AMES, Iowa -- Jay Newell, an associate professor in Iowa State University's Greenlee School of Journalism and Communication, calls ThinkSpace "the greatest thing since sliced bread" in terms of getting into the heads of his students.
Holly Bender, a professor of clinical pathology in Iowa State's College of Veterinary Medicine, knows that ThinkSpace better trains her students to be able to read an ailing animal's symptoms and lab results in order to make a more accurate diagnosis.
And Dale Niederhauser, an associate professor in the Iowa State School of Education, says ThinkSpace better prepares his students for the problems they may encounter in their future classrooms.
They're three of more than 50 ISU faculty members across a number of disciplines who are now teaching classes with ThinkSpace, an interactive online teaching resource developed at Iowa State that encourages students to think critically about the solutions to complex, real-world problems. And because of its initial success at Iowa State, ThinkSpace is now being exported for use to colleges and universities around the world.
Bender says she's been making presentations all summer to institutions that will adopt ThinkSpace this fall, including The Ohio State University, Michigan State University, Colorado State University and the University of Calgary, among others.
ThinkSpace emerges from two similar teaching tools
Bender was on the ground floor of ThinkSpace's development because of success of a similar online teaching resource she developed at Virginia Tech, the Diagnostic Pathfinder, which helped veterinary students learn to interpret lab data more accurately when making diagnoses. In the past few years, Bender learned that other Iowa State faculty -- including Craig Ogilvie, assistant dean of the Graduate College and professor of physics in the College of Liberal Arts and Sciences; and Ann Marie VanDerZanden, a professor of horticulture and director of the Center for Excellence in Learning and Teaching (CELT) -- were using a similar learning platform, The Problem Solving Learning Portal.
"They [Diagnostic Pathfinder and The Problem Solving Learning Portal] were different, but they were both designed to tackle complex problem-solving," said Bender, CELT associate director.
So Bender, Ogilvie, Niederhauser, Jared Danielson, an associate professor in veterinary pathology; and John Jackman, an associate professor of industrial and manufacturing systems engineering; led a faculty effort to see if Iowa State's Information Technology Services (ITS) could develop something for more universal use across multiple disciplines. And when Pete Boysen, a senior systems analyst at ITS, made that a reality, ThinkSpace was born some two years ago.
"Pete (Boysen) had a vision to help us all become sustainable and helped many of us come together," Bender said.
Through the program, faculty members ask students to think critically about the answers to problems they pose through the program. Each case (problem) can incorporate related information, interactivity with faculty and fellow students, automated feedback and media.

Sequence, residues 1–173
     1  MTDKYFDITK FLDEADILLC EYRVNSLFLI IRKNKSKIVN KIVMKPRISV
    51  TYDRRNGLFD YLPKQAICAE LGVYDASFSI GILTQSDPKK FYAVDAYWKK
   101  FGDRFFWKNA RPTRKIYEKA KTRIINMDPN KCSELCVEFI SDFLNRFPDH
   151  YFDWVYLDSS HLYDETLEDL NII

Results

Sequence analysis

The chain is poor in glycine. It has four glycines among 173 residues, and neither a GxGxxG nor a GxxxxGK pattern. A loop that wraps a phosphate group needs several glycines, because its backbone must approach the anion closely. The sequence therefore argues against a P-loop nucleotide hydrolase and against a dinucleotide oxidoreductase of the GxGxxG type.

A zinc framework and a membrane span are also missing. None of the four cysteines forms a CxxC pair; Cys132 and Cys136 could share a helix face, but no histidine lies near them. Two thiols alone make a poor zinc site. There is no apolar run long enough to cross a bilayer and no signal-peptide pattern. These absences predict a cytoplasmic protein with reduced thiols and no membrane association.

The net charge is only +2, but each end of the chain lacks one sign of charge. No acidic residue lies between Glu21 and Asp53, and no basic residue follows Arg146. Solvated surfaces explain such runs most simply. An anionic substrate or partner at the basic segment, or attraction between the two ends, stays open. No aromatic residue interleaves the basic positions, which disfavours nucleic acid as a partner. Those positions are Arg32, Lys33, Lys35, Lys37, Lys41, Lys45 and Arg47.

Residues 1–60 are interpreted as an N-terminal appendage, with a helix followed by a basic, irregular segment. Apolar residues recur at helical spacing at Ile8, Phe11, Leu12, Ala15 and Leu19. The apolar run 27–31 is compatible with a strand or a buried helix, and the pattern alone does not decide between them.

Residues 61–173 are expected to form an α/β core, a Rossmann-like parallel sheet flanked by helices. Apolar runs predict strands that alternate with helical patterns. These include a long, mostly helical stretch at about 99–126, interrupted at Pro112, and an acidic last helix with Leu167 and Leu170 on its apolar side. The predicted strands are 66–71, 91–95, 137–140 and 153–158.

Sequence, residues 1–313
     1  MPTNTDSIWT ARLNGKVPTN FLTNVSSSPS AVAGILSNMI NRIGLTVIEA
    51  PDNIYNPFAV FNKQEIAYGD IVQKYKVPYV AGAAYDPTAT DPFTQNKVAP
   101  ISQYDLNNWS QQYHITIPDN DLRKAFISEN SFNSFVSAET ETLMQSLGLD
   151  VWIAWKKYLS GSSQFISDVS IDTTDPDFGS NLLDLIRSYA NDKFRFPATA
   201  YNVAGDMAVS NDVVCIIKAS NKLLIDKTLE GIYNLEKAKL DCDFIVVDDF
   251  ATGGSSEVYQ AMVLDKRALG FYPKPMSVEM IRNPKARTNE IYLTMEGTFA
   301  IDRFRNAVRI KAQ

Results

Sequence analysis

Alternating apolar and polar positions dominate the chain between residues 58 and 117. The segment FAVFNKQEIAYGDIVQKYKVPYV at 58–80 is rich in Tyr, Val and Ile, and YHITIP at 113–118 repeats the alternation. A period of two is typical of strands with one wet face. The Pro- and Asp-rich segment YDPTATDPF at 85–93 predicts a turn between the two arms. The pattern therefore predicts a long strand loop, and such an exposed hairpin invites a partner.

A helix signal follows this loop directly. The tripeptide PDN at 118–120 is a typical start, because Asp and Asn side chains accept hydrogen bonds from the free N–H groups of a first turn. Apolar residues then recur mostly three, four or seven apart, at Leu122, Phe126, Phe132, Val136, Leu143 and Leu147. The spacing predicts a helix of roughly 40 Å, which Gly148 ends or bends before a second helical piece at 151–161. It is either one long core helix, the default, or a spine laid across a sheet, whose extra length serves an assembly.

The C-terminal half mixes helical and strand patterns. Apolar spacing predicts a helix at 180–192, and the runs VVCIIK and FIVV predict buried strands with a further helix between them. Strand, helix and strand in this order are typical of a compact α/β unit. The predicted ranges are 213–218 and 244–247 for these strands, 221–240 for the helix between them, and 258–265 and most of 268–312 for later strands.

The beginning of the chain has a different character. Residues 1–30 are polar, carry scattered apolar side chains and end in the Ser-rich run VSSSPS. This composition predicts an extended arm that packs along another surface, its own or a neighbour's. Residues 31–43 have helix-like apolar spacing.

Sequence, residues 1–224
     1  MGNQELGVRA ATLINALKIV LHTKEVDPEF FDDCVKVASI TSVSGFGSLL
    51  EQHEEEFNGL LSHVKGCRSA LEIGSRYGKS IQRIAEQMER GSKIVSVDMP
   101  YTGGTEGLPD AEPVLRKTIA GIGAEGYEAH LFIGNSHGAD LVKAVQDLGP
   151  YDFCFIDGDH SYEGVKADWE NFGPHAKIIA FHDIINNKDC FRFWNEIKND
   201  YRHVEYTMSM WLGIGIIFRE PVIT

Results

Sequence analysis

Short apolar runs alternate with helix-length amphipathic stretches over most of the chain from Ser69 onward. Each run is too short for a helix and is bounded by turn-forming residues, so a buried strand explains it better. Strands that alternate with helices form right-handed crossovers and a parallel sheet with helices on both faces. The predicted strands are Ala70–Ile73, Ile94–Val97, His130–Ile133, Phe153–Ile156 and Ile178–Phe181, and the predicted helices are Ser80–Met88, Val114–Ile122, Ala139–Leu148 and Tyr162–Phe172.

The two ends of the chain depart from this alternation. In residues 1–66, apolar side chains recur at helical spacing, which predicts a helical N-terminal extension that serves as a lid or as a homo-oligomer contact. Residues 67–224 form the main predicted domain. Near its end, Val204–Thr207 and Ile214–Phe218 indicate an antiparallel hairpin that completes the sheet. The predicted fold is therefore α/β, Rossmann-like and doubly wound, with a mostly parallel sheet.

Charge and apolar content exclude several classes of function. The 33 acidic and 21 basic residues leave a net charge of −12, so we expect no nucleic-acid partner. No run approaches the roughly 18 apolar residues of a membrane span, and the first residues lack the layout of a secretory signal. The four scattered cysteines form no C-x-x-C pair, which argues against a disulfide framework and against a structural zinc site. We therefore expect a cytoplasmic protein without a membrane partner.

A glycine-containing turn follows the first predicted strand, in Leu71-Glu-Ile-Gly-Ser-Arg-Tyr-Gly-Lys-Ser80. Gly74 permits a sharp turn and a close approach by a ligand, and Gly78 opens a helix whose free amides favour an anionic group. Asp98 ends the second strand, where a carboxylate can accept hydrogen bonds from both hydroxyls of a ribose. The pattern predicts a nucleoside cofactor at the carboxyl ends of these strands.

"By using real-world scenarios, it allows students to work through electronic platforms and permits faculty to see how they [the students] arrive at their final solutions," said Jim Twetten, director of ISU's Information Technology Services (ITS), academic technologies. "The thing about an authentic learning environment like ThinkSpace is you have to think about all the things you need and don't need while working through the problem."
Students already tackling some tough problems
Iowa State students have already used ThinkSpace to tackle issues related to such topics as global warming, classroom cheating, veterinary diagnostics and marketing decisions. Complex problems may be broken down into a series of smaller steps that the instructor can control, releasing more information and questions as the student progresses.
"This tool actually makes your pedagogy come alive with your students and it supports them being able to do complex problem-solving, be successful at it, and get feedback for it," Bender said. "It really structures it in a way that it helps the students learn. And it supports teamwork and peer evaluation very well, too."
Because students work through authentic problems that they may encounter in their future careers, ThinkSpace better prepares them to transition to their post-graduation employment.
"I like to think of it as real-world challenges people face rather than problem-solving," said Niederhauser, a faculty member in the Center for Technology in Learning and Teaching who contributed to the ThinkSpace development team through his background in the learning sciences.
"This becomes a much more contextualized, complex, learning situation because there aren't easy answers in the real world," he said. "We're trying to help our students begin to think more in a global environment and less in a school-based environment where everything is cut and dried from the book and there are right answers and wrong answers."